Pretty cool!

I never much fancied the big revolving thingies on the roof, and Volvo and now Hyundai have them in the bumper, but this could give a much wider field of view.


I'd put the as high as possible without sticking up like horns.
The higher they are the better a view they will have.
On the other hand, if you make headlights, you have to put them there.
A small bump on the roof, or just inside the car (and swept by the wipers) would do nicely.


Very good idea!

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Forward looking cameras and LIDARs in particular will gather dust and snow and subsequently malfunction unless they are placed behind lens washers like in the headlights or behind the front windshield washers. Sonar and radar will function despite dust and snow. I think Tesla’s solution with 3 cameras just below the roof behind the front windshield is ideal.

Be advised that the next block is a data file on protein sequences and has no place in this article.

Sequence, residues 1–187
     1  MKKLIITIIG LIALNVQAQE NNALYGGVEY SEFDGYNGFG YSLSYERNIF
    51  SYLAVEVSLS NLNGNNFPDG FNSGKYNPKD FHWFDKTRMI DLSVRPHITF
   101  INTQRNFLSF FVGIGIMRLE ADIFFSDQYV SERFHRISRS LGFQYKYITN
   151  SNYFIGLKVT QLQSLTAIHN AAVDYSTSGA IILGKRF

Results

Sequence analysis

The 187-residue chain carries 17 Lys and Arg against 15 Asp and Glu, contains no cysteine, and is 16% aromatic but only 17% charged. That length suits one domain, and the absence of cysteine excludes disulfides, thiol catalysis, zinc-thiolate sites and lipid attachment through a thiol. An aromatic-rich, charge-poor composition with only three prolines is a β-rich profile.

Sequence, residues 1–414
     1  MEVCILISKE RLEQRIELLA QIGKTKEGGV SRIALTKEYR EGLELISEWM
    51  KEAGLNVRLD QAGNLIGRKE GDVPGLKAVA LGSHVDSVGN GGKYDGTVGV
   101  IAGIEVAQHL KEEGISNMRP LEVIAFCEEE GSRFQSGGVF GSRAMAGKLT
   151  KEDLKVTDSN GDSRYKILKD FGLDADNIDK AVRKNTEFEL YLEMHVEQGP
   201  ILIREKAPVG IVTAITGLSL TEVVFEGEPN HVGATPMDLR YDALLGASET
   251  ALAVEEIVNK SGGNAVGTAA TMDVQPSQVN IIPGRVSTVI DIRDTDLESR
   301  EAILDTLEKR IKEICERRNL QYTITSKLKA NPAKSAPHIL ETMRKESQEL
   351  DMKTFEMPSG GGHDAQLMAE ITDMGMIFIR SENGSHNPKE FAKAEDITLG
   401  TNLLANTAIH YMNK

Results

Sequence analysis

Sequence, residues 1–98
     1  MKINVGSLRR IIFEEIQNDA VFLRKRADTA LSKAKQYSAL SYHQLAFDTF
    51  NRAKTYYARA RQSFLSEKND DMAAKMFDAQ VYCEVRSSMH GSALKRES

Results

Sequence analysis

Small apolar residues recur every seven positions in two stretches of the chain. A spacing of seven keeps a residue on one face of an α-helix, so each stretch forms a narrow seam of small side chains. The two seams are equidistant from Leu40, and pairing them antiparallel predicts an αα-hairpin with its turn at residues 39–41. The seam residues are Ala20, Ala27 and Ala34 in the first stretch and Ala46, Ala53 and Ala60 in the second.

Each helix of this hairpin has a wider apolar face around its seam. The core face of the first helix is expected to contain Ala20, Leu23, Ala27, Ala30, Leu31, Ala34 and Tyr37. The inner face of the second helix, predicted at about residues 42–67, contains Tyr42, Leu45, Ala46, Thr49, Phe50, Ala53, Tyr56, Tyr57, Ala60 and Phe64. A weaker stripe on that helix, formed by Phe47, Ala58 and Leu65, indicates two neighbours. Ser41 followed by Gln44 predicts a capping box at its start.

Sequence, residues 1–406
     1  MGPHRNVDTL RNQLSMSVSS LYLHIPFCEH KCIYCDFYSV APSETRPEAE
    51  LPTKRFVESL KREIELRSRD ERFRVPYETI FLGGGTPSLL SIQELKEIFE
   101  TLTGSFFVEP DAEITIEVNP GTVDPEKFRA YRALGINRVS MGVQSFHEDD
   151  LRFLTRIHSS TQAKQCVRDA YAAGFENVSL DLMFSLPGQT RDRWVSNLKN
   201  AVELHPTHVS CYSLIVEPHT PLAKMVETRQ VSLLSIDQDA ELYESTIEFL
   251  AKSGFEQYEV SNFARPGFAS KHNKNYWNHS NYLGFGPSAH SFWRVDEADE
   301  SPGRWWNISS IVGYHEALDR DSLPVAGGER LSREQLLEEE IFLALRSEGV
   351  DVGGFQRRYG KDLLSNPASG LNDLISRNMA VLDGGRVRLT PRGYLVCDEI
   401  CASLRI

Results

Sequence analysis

For real world autonomous cars the sensors need to be out of sight and they need to have a system for removing dirt and snow. All of Tesla’s cameras have a heater that removes snow and ice. I am not sure the side and back looking cameras in Tesla cars has a system for removing dust. However, they are oriented so that they are shielded from the wind when the car moves forward. Software could sound an alarm when it is time for the vehicle owner to manually clean these sensors to secure proper functioning.

Ford has made a solution that washes the camera see